Baird's $22 billion plan to privatise public housing
THE Baird Government has promised a $22 billion construction boost from its plan to privatise public housing.
The revolutionary plan involves building or replacing up to 23,500 social housing properties in partnership with the private sector, which would take over the reins for 35% of the state's public housing tenants.
Social Housing Minister Brad Hazzard said the current 27,000 private rental support subsidies available to tenants would be increased to 37,000 within a decade in a bid to take more families off the waiting list and into private tenancies.
Large-scale new developments would be made up of 70% private tenancies and 30% public housing to encourage more integrated communities.
Developers would have to form partnerships with community housing groups to bid for the projects.
"We are looking to the innovation of the private and non-government sectors to redevelop old public housing estates into mixed communities which will put thousands of people in social housing on a better path," he said.
"Children in social housing should not see disadvantage as their only future.
"It does them good to see their neighbours in private housing going to a job each day."
The Opposition has criticised elements of the plan, including the need to displace long-term tenants to rebuild and replace existing properties.
City Futures Research Centre associate professors from the University of NSW, Hal Pawson and Vivienne Milligan, posted a research blog arguing the strategy raised more questions than answers.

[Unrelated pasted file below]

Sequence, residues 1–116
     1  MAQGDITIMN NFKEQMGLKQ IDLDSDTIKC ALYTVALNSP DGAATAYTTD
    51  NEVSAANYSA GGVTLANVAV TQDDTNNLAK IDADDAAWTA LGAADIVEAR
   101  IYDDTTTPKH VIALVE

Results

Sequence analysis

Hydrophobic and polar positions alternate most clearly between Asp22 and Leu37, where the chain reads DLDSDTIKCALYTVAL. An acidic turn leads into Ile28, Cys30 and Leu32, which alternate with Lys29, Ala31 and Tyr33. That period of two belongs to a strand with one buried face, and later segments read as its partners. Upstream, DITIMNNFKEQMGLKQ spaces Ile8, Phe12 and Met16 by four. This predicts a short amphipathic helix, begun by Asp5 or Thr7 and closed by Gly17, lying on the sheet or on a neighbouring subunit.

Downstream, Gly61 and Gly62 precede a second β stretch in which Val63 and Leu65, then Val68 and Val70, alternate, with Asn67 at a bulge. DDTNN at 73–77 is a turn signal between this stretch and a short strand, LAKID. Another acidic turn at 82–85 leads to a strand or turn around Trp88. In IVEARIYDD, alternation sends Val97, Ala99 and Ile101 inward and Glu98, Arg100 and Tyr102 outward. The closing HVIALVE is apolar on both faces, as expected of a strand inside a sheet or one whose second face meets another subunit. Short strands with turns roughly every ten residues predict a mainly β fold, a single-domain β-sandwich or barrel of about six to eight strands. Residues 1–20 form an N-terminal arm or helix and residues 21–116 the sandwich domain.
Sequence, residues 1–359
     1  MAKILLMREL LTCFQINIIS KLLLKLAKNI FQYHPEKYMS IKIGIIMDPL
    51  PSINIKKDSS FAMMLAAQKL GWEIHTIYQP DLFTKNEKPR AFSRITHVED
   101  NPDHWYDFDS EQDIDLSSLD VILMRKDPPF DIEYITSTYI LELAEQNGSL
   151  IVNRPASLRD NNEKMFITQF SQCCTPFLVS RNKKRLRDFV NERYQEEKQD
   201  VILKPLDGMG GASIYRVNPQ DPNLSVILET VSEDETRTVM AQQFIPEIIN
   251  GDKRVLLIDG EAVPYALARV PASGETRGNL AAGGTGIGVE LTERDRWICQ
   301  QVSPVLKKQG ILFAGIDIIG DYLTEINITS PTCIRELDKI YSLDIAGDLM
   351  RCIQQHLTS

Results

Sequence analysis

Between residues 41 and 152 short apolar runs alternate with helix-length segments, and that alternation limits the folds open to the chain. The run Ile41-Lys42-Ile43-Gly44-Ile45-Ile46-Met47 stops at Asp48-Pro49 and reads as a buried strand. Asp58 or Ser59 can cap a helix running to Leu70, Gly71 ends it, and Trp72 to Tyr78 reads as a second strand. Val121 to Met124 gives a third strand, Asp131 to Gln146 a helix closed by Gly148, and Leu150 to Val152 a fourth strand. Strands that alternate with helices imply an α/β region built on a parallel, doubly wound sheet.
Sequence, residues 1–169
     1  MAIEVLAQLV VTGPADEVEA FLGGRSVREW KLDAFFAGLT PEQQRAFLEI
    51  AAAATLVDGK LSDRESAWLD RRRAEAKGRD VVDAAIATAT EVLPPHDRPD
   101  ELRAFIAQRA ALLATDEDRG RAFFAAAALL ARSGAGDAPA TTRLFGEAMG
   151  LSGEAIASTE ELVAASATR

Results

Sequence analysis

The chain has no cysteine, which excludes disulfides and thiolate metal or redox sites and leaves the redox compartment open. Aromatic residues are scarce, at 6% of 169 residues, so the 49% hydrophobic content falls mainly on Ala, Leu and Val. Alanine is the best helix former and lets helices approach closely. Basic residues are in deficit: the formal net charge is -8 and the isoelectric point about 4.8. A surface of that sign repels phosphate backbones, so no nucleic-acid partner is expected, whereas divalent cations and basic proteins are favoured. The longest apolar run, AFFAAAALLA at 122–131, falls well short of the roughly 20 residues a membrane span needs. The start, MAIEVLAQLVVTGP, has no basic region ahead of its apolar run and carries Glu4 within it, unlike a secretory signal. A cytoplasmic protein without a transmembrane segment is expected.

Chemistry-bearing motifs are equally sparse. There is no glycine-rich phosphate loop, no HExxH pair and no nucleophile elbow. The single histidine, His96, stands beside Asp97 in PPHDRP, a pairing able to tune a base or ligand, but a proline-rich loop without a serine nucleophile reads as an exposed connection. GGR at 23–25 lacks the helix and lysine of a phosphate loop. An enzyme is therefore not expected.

They said none of the state's affordable housing needs had been properly measured and none of the solutions had been clearly costed.
The best means of pulling people out of the social housing merry-go-round would be to restructure private rental supply by engaging institutional investors more likely to prioritise long-term rental yields than quick cash, they argued.
"Government actions that might help to bring this about would include guaranteeing affordable housing investment and sponsoring a financial intermediary agency," they continued.
"Regrettably, however, such ideas are eschewed in the paper's somewhat vague and apparently unambitious suggestions on 'innovative financing'."
There are about 60,000 people currently waiting for social housing. -APN NEWSDESK
How many social housing dwellings on the North Coast?
According to the Australian Bureau of Statistics, these were the figures in 2010:
Coffs Harbour - 1195
Tweed - 955
Ballina - 607
Lismore - 545
Clarence Valley - 373
Richmond Valley - 252
Byron Shire - 211
Kyogle - 32
NSW - 125,550